Hello Again Everyone!!
Another one of the set of buildings dedicated to a Buddha at a Buddhist Temple in Korea is the Yaksayore-bul Hall (or in Korean, Yaksa-jeon). This hall is dedicated to Yaksayore-bul, who is the Medicine Buddha (or the Healing Buddha).
In Sanskrit, Yaksayore-bul’s name is Bhaisagya Buddha. Yaksayore-bul lives in the Eastern Paradise (Jeongyuri, in Korean), or the Pure Land of Lapis Lazuli Light. That’s why this hall is sometimes also referred to as the Hall of Lapis Lazuli Light, and this hall always faces the east. When he was in human form, Yaksayore-bul made 12 vows to free sentient beings from their ailments. Included in these vows were his promises to nourish people’s spiritual faculties and guide them towards liberation. Yaksayore-bul provides relief not only from disease, calamity, suffering, and misfortune, but he also treats people for their ignorance; which for Buddhists is the greatest illness afflicting people. That’s why, whenever a member of a family gets sick, the family will immediately go to the Yaksa-jeon. As a result of his past promise, and his ability to cure all that ail, Yaksayore-bul is sometimes called Daeui Wangbul: The Great Medicine King Buddha.
A look at the Great Medicine King Buddha: Yaksayore-bul from Magoksa Temple in Gongju, Chungcheongnam-do.
There are a few interesting notes concerning the worship of Yaksayore-bul (The Medicine Buddha) in Korean history. The belief in Yaksayore-bul goes back to the Three Kingdoms period, 57 B.C. to 668 A.D., in Korean history. The reason for the rise in the importance of the worship of this Buddha at this time is from the increase of victims from wars at the time on the peninsula. During the Silla period, Queen Seondeok (r. 632-647 A.D.) fell ill. She was only cured of her disease upon hearing Monk Milbon chanting the Yaksagyeong (Bhaisajyaguru sutra). The worship of Yaksayore-bul continued to grow during the Goryeo Dynasty (918-1392 A.D.) as a result of unrest. During this period, seminaries for the worship and studying of Yaksayore-bul were opened and people increasingly relied upon the strength of the Buddha of Medicine to overcome their problems.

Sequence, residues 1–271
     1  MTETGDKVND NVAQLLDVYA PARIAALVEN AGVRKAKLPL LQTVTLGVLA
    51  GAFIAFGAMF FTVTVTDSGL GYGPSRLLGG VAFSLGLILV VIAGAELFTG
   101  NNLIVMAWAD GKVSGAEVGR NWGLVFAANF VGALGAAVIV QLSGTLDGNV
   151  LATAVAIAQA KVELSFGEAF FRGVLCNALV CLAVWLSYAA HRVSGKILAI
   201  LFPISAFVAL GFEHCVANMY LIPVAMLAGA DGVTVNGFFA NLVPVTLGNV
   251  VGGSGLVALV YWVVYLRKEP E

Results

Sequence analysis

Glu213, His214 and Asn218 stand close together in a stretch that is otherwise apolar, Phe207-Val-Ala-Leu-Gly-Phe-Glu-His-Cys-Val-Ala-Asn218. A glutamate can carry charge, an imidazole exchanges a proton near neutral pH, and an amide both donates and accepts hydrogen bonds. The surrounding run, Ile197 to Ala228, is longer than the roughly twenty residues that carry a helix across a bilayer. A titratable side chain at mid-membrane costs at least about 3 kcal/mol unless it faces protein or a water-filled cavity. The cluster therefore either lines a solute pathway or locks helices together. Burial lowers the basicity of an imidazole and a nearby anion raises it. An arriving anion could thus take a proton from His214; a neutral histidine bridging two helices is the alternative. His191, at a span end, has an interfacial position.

A statue of Yaksayore-bul inside the main hall, and accompanied by Seokgamoni-bul (The HIstorical Buddha) and Amita-bul (The Buddha of the Western Paradise) at Pyochungsa Temple in Miryang, Gyeongsangnam-do.
There are several ways to identify Yaksayore-bul. Uniquely, it’s usually only Bodhisattvas, and not Buddhas, that are holding onto hand implements. The exception to this is Yaksayore-bul. In his hands, Yaksayore-bul can be holding either an alms bowl or a medicine bowl (the medicine bowl is an evolution of the alms bowl). However, if either Seokgamoni-bul (The Historical Buddha) or Amita-bul (The Buddha of the Western Paradise) are holding an alms bowl, Yaksayore-bul will be holding a medicine bowl. This medicine bowl represents Yaksayore-bul’s role as the protector against sickness and suffering.
Depictions of Yaksayore-bul closely resemble those of Amita-bul. The way that you can tell the two apart is that Amita-bul is usually gold and Yaksayore-bul is often white. And even though Yaksayore-bul usually holds a medicine bowl in both of his hands, he sometimes only holds it in his left hand. When this is the case, Yaksayore-bul assumes the mudra of The Gesture of Fearlessness with his right hand. In this mudra, the right hand is generally raised to shoulder height with the arm being bent and the palm facing outwards with the fingers upright and joined. This mudra conveys the great mercy of Buddha, who relieves peoples’ hardships and delivers them from fear.
The Medicine Buddha inside the cave at Geumjeongam Hermitage near Beomeosa Temple in Busan. In his hand he holds a medicine bowl and is dressed all in white.
In triads, Yaksayore-bul can appear in one of two formations. If Yaksayore-bul is the central figure in the triad, he will be accompanied by two flanking Bodhisattvas. On the left is the Sunlight Bodhisattva, Ilgwang-bosal, who is adorned with a red crown, and on the right is the Moonlight Bodhisattva, Wolgwang-bosal, who wears a white crown.
The central Yaksayore-bul is flanked by Ilgwang-bosal (The Sunlight Bodhisattva) and Wolgwang-bosal (The Moonlight Bodhisattva) at Girimsa Temple in Gyeongju.
This is some of the amazing lattice work found outside the main hall at Cheonbulsa Temple. In the upper left is a better look at the white Wolgwang-bosal, and in the top right is the red Ilgwang-bosal.